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Mission: Red Planet Review

Jason

What does this rating mean?

Posted by Jason on Feb 25, 2016

Steampunk is no longer a fringe presence in board gaming. It may not be as commonplace as zombies, fantasy or trading but titles with gears and corsets and automatons have been significantly on the rise. The setting explores wonderfully complex and nuanced leitmotifs of the human condition, yet board games typically resort to the genre for its stylized sci-fi and brassy color palette. The “Designing Brunos” – Faidutti and Cathala – delivered a steampunk game a decade ago, before all the cool kids were doing it, in Mission: Red Planet. It was a great board game, though not necessarily a great steampunk game. Fantasy Flight’s second edition, though, enhances the genre’s elements while maintaining its brilliant game play.

This unruly yarn tasks you with managing a mining company exploiting the fourth rock from the sun. Beating your competitors to valuable resources requires boldness and dastardly scheming. Mission: Red Planet combines area majority and secret role selection. Each round, you vie to board rocket ships destined for particular regions of the titular planetoid. A rocket generally indicates in which region it will land and how many astronauts it carries. As one reaches capacity it blasts off and is replaced by a new ship on the launch pad. After three designated rounds you score each region by awarding points in the currency of resource tokens based on area majorities.

Without further elaboration this all sounds like an orderly and controlled affair. Rather the experience is more akin to the studio’s eruption every time Jerry Springer announces the baby’s daddy. That’s because of the game’s second mechanic, which is a bit more ill-behaved. Each turn you choose a role that gives you ability for that round. All of these allow you to place one to three astronauts aboard one or two spaceships. However, they all have unique powers that can violently spin gameplay until it has its own gravity pulling players in like deorbiting satellites.

Some are seemingly mild like letting you move astronauts about Mars, draw discovery cards, or simply pile a bunch of spacemen aboard one rocket. Those change the game, though, in subtle ways that become rather blatant as their effects crescendo. Plus those aforementioned discovery cards might completely unbalance how a region scores at the end of the game. Other roles outright disrupt play like phasers set to kill. You can pick off other players’ astronauts, switch one with your own, and even blow up an entire ship.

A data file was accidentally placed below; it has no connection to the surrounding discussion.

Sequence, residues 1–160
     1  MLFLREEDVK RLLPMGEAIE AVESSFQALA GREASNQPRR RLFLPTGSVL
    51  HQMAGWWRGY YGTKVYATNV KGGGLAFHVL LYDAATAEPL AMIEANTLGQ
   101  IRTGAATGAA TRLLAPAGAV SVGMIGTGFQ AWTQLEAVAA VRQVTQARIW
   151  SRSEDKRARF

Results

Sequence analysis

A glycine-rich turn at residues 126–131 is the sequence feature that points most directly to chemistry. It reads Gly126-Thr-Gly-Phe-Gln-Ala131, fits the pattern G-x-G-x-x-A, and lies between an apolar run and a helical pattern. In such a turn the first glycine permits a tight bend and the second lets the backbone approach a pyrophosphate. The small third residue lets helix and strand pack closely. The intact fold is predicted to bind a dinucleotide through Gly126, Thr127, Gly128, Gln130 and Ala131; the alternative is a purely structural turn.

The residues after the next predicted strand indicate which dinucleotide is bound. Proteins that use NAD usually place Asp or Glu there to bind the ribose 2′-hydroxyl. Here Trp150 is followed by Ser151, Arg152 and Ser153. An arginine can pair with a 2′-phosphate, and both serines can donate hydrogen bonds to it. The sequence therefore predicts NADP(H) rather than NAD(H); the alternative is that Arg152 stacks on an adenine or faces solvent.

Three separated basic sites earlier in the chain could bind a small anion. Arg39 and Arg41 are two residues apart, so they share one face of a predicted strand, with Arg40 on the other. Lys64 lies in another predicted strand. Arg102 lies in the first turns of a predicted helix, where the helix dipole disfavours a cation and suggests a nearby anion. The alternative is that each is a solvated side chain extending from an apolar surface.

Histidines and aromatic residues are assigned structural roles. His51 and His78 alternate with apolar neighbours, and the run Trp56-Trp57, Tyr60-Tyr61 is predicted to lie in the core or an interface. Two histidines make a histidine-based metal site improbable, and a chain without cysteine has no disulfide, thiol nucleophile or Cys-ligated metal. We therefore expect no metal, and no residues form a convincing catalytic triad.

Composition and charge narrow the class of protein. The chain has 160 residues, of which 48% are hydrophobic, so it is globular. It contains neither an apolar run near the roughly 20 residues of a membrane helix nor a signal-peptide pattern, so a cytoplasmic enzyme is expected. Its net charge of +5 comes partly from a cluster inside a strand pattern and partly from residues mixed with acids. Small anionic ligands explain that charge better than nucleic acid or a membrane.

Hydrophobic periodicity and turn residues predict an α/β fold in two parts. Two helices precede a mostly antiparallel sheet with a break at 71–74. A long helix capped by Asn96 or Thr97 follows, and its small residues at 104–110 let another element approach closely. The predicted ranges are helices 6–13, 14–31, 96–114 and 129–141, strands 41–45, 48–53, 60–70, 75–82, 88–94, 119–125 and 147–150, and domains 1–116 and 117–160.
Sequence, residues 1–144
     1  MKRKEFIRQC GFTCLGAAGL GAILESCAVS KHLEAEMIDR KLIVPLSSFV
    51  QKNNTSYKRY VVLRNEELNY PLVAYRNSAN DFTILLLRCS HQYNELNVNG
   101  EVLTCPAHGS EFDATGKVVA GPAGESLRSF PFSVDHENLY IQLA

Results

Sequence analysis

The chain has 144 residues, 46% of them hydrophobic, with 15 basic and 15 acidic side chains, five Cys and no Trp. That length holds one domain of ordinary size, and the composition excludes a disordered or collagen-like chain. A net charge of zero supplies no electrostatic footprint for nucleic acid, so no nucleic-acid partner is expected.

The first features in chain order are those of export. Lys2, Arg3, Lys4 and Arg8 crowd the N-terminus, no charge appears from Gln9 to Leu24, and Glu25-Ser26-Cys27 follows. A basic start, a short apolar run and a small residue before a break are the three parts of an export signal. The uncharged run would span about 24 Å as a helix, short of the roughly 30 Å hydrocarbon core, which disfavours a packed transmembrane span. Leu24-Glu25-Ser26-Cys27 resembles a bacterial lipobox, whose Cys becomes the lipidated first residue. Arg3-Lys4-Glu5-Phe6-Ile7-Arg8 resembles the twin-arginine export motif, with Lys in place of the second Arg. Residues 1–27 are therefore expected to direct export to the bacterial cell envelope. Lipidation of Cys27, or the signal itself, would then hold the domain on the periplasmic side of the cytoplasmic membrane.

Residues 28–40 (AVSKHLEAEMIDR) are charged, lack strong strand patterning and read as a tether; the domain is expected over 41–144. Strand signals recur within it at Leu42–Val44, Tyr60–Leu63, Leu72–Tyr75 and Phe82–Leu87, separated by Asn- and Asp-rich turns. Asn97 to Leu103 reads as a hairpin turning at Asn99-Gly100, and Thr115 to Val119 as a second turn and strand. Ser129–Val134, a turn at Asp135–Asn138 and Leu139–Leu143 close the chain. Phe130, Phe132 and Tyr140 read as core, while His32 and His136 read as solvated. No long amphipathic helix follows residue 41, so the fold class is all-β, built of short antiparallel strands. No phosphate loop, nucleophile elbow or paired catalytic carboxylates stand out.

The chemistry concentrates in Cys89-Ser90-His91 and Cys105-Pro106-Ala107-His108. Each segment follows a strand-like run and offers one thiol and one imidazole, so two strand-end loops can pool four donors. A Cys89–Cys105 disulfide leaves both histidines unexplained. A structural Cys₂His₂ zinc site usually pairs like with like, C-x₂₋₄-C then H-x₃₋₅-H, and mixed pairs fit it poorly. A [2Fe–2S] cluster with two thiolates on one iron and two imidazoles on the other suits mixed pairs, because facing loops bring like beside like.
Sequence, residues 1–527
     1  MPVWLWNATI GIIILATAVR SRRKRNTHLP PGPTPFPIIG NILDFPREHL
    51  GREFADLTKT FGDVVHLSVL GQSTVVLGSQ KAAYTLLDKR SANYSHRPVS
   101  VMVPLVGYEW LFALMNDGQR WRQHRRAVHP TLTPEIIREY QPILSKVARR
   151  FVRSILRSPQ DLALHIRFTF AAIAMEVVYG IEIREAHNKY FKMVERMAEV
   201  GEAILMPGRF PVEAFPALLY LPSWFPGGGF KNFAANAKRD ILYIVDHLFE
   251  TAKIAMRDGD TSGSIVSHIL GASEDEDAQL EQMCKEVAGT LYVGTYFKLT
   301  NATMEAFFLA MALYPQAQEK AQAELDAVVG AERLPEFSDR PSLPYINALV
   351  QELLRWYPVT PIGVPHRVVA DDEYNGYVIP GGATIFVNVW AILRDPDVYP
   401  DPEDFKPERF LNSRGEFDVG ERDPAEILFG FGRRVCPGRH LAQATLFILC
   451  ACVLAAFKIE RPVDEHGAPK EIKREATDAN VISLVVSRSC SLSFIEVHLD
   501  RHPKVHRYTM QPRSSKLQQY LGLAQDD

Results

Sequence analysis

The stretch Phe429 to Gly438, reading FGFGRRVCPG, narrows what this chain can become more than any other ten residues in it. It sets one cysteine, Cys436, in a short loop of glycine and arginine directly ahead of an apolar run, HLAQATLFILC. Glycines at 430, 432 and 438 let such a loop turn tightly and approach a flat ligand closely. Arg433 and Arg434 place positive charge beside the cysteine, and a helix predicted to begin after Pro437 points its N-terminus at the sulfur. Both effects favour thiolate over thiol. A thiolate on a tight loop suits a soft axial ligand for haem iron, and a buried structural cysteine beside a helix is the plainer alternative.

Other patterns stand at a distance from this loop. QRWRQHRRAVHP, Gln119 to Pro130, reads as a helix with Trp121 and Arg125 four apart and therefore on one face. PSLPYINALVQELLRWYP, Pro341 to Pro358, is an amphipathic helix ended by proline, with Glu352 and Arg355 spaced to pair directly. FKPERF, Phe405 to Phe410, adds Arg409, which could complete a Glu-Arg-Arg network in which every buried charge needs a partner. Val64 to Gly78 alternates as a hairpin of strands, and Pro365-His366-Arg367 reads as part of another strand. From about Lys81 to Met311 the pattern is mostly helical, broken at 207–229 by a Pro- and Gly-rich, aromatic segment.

That interaction is the game’s beating heart, creating a dynamic, tense, often hilarious and wild action-packed romp. Every player is invested in the game at all times. It can be chaotic, but it’s driven by player decisions rather than unmitigated randomness. Though very much impactful, the spite is allayed somewhat through its quirky setting, lack of downtime and a session length that’s just right. All that and its limited role selection. Once you play a character, you cannot play it again until spending a round with the Recruiter. He allows you to collect previously played roles so that they are available again in subsequent actions. You’re not able to kill off opposing astronauts turn after turn, ad nauseum. And the non-spiteful roles are too beneficial to ignore, as well.

Beyond its excellent game play Mission: Red Planet always exuded a charming steampunk spirit of competition in true robber baron fashion. While untold titles possess player interaction, Faidutti and Cathala imbue their design with signature mischievousness. Using the Saboteur and Femme Fatale to knock out opponents makes some sense within its themed setting, but also smacks of the sentiment that I’m doing this because the mechanics say I can. It’s not interaction for interaction’s sake or simple contests over spaces on the board. Thanks to its secret selection nature, there’s a deviousness that both engages you and then makes you feel guilty. Or maybe not.

While the stylistic artwork always fleshed out the setting, the second edition enhances its steampunk vibe even further by incorporating one of the genre’s most important commandments: thou shalt always blend aesthetics and functionality. Everything is beautiful from the illustrations, color schemes and amazing astronaut meeples. But beyond appearances, the Mars board pieces together well and is round – like a planet – with a separate orbiting Phobos. The puzzle-fitting launch pad is always the size you need it to be. The meeples make referencing area majority easy at a glance. The gauge-patterned turn tracker works brilliantly. So while it may not address much of steampunk’s iconoclastic ideals beyond its dastardly behavior, it all very much feels steampunk.

Some may quibble, or worse, about the discovery cards upsetting endgame scoring. Admittedly it is that arbitrary. But this is steampunk, which has always been a bit avant garde in challenging norms. So why not throw a cog in the typical works of area majority? Really the more problematic issue is that the new 2-player variant is mediocre. Aside from that Mission: Red Planet is a breeze to teach, deceivingly smooth, brisk and infectious, lasting just as long as it should. Its spiteful nature is tempered by more endearing qualities. The whole package is quite a unique experience. You’ll be hard-pressed to find a more delightful and mischievous way to spend an hour on the tabletop than with this frolic from two of the hobby’s most cunning designers.


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